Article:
PhrozeNChaos

Recent infection - GlobeImposter 2.0

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New user here, hello everyone.

I was recently infected with a variant of GlobeImposter 2.0, which appends "[email protected]" on documents.

I do have backups and was trying to determine how this ransomeware works and after some sector scanning on my hard drive, I noticed a non-encrypted file in my "%systemroot%\Users\Public" folder. The file was created about an hour before the attackers ran the ransomware. Please also note the attackers used RDP to get into my PC. It does not appear to be a Win32 executable as I opened it read-only with a hex editor to inspect. I found that this file contains my encryption key in addition to other data within the hex editor.

Does anyone have any idea what this file is? Its 2kb in size as well. I have attached it to this message, not sure if the forum will let me.

 

 

C4D0FA878011A9B5952DFC0CD4C66EBA6BE88DDF030EAAEA064F0F332A544D0D

Read_For_Restore_File.zip

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Hello

Put the file Read_For_Restore_File.html in the archive with the password '123' and attach it to the new message.

The ransomware addresses were deleted in the previous one.

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On 8/29/2019 at 10:18 PM, PhrozeNChaos said:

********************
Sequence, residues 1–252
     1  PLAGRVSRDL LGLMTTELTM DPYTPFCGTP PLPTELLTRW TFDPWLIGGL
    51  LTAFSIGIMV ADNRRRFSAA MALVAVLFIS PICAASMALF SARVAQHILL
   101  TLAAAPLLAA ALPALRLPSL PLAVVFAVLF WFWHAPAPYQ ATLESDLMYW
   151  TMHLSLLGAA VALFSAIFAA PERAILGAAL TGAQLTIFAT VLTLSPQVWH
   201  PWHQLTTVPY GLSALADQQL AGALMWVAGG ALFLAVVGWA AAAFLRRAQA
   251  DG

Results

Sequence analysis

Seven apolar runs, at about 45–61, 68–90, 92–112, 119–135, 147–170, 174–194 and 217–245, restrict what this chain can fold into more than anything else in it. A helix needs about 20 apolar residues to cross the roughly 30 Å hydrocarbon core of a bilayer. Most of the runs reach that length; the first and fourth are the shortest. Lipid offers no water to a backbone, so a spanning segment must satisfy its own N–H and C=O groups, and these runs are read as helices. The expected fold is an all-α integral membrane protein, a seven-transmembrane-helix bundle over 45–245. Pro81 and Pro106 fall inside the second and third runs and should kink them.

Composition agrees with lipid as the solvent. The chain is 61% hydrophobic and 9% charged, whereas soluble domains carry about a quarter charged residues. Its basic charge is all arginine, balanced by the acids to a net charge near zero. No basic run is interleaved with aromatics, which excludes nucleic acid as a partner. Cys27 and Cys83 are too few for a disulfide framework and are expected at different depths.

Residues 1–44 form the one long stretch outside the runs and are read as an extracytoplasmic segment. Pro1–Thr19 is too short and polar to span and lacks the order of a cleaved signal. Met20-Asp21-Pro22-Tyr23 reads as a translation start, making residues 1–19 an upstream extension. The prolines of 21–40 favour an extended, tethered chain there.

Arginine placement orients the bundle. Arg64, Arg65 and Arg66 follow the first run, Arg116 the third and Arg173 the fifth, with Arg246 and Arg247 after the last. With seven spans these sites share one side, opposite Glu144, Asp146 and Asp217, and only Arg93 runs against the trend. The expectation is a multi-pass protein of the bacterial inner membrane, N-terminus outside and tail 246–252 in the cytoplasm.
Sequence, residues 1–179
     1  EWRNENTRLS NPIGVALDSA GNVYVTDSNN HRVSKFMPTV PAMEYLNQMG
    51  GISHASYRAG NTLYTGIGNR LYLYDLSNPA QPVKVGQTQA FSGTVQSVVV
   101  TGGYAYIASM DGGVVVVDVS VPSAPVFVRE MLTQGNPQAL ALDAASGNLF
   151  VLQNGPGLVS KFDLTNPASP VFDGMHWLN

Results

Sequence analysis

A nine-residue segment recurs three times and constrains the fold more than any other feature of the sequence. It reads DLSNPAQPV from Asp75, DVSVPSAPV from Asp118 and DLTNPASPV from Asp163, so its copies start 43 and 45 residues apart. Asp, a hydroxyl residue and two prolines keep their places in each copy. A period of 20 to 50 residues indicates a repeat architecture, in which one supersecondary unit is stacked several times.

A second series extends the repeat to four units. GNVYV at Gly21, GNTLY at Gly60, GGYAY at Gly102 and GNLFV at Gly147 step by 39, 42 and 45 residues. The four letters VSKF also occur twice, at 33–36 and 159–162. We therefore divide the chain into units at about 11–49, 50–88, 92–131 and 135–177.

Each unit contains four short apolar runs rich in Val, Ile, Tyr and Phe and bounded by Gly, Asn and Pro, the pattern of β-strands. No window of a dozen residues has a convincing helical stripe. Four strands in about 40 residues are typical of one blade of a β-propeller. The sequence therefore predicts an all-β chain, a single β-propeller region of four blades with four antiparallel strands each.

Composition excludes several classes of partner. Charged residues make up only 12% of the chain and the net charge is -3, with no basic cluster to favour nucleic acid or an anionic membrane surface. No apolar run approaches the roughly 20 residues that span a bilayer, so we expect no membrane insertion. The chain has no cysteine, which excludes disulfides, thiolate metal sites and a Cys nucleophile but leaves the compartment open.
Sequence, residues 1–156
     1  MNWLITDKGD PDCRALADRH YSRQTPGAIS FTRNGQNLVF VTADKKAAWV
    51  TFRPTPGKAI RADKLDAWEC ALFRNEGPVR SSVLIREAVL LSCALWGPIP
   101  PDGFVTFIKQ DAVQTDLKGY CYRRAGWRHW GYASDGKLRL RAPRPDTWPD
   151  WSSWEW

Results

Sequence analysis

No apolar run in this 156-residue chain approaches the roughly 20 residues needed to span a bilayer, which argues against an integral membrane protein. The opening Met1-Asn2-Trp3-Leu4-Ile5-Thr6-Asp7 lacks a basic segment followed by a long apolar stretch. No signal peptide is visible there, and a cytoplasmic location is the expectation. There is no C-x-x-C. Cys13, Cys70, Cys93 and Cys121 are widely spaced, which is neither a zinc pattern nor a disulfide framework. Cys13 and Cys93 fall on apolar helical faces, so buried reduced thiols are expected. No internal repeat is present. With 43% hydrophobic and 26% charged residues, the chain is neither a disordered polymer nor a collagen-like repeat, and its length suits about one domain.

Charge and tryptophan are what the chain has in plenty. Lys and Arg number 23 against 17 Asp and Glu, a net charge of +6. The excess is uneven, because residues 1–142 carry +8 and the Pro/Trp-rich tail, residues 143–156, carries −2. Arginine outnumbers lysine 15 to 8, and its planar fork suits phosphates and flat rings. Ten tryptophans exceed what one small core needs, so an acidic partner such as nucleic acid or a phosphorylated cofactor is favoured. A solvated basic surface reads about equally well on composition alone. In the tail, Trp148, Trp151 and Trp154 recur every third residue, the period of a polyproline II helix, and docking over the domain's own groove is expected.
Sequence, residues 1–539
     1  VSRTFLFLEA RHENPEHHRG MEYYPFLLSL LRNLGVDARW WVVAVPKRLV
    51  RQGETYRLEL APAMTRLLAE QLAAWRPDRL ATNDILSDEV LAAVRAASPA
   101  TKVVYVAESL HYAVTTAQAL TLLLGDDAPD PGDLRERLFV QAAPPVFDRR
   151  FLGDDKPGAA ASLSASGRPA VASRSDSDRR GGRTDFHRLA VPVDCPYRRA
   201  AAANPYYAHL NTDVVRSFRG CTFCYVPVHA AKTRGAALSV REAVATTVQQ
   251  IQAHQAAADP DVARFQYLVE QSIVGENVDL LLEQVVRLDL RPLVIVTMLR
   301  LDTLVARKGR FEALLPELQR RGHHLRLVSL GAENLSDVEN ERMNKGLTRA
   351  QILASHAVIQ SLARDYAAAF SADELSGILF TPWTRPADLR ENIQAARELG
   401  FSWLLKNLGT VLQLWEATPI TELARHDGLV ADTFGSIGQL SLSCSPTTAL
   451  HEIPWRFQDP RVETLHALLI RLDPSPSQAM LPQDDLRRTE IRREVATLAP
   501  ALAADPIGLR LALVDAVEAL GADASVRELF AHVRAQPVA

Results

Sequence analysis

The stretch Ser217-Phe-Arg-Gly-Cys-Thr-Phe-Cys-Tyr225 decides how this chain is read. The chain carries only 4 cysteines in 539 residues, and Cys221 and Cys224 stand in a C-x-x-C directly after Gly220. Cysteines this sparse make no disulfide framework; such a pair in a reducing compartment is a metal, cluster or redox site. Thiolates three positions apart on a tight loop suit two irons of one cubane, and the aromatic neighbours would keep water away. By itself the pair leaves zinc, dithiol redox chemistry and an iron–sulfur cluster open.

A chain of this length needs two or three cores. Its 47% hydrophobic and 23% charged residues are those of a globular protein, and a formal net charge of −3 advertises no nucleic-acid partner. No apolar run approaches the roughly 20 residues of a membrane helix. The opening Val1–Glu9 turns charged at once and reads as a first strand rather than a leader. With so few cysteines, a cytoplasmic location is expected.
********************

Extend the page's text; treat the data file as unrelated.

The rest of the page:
Update: I realized the virus locked one of my archive drives which had no backups. :(

Yes, ransomware like this will search for files on any connected drive, and encrypt them. They also usually try to encrypt backups if they can access them. Due to this it is recommended to keep backups on removable media, and make sure to disconnect it from the computer when not in use.

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The file you are talking about may be a digital key with an ID.
The screenshot shows the correspondences - code from your file and from a ransom note.

Screenshot_1.jpg.62ebe4b9b3b7a00d4b8b9a7ad2a18aa6.jpg
Download Image

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That is exactly what I noticed when I edited the file using a hex editor. Hopefully there is some way to decryption using this "key". I have taken my archive drive offline in hopes of this.

Also, other people infected with this type of infection should probably look out for a similar file. Once again, I was infected through RDP which means the intruder was interactively in my PC and could of left items behind.

 

@GT500 Will keep note of that. Started burning very personal items to BD-R. Takes longer but better for archival.

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2 hours ago, PhrozeNChaos said:

Hopefully there is some way to decryption using this "key".

The type of encryption they use requires two keys. One used to encrypt files (the "public key"), and one used to decrypt files (the "private key"). The public key is aptly named, as it can safely be left where anyone can see it, and it can't reveal anything of use to decrypt data. The private key is usually kept secret on the command and control servers of the criminals.

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More than likely, yes. Normally if a ransomware leaves a decryption key behind, we would create a free decrypter that victims can use.

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